I’ve been hashing and re-hashing the news that NBC has suspended anchor Brian Williams, after it was revealed he embellished stories concerning his experiences. Whether his memories became hazy when recalling events, or he purposely enhanced his story of a helicopter ride in 2003, is really of no consequence. His role as managing editor at NBC required the utmost caution and care when disseminating information — an essential competency for continued success in that role.
I truly feel for his predicament, as we all make mistakes — and his respect his tenure. However, I remain disappointed that NBC didn’t respect the most critical competency required for that role: complete honesty.
Organizations become loyal to their most valued employees — a common and usually positive occurrence. (It is the essence of building a two-way relationship.) However, that loyalty can negatively impact that same organization in cases such as this. Our own judgements can become cloudy, where a much loved or respected colleague are concerned. But, in extreme cases, a parting of the ways is the only solution that really makes sense.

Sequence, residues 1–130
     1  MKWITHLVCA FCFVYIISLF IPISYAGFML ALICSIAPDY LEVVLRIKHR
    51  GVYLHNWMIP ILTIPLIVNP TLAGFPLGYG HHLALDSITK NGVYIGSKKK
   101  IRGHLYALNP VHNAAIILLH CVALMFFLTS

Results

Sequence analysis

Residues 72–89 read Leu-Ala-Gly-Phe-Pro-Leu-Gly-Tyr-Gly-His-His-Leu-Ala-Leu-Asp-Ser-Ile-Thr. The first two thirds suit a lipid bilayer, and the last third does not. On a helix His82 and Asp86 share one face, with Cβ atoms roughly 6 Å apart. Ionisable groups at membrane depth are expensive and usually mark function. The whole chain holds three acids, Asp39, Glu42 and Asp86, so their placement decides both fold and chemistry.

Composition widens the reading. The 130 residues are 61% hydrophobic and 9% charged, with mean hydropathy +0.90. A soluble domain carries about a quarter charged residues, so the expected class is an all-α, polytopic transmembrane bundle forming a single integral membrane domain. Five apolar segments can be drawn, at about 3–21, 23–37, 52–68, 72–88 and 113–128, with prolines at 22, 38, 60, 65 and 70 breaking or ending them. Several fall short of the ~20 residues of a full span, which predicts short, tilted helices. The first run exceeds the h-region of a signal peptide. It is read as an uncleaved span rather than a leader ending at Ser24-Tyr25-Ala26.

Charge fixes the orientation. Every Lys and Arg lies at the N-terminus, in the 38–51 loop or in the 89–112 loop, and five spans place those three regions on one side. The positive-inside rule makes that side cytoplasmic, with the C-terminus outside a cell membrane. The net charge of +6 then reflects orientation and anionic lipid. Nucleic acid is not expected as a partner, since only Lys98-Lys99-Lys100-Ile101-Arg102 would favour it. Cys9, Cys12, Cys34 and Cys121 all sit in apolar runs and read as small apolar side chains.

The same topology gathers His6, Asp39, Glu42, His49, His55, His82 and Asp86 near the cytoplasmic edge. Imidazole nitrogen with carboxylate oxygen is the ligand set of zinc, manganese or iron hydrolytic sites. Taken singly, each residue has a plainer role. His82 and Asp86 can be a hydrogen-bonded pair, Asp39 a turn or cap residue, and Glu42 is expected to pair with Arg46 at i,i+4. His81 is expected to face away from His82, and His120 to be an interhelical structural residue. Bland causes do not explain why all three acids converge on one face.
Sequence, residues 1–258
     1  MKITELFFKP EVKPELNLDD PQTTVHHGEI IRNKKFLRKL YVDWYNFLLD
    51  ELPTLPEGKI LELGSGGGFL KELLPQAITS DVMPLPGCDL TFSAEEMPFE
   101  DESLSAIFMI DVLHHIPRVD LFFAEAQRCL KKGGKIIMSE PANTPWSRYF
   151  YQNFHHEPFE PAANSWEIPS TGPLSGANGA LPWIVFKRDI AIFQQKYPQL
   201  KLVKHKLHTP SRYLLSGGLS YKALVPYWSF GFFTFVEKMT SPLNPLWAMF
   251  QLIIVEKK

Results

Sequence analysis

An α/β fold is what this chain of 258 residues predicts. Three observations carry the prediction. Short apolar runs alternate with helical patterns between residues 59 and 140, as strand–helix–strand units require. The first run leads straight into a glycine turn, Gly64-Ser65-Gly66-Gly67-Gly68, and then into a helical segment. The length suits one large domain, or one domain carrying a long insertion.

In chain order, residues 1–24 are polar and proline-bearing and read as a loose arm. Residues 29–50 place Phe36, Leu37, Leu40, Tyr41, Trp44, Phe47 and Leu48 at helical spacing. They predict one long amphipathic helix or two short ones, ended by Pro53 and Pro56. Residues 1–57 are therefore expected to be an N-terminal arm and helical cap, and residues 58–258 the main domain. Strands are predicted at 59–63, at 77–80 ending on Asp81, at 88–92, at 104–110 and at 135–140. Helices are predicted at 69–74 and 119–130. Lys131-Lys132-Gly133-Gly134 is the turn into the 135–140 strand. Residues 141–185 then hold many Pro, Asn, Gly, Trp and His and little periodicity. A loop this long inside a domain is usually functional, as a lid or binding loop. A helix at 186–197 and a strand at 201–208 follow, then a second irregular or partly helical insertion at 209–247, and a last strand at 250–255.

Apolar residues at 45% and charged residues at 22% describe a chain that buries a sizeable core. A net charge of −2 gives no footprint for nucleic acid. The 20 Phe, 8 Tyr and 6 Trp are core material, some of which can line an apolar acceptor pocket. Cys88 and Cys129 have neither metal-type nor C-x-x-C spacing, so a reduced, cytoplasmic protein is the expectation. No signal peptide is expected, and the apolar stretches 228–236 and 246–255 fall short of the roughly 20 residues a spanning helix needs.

A 6 month suspension does offer Williams and NBC time to sort out his situation, and consider potential paths. However, he should have stepped down from his role immediately. When he didn’t do so — he likely should have been fired, rather than suspended.
Leaders must make tough calls where the essence of their organizational mission is threatened. I do understand that in this case, there are many powerful elements to consider.
But sadly, in some cases — we must part ways with even our most engaging employees.
Dr. Marla Gottschalk is an Industrial/Organizational Psychologist, consultant and coach. She is the Director of Thought Leadership at Kilberry Leadership Advisors, Toronto.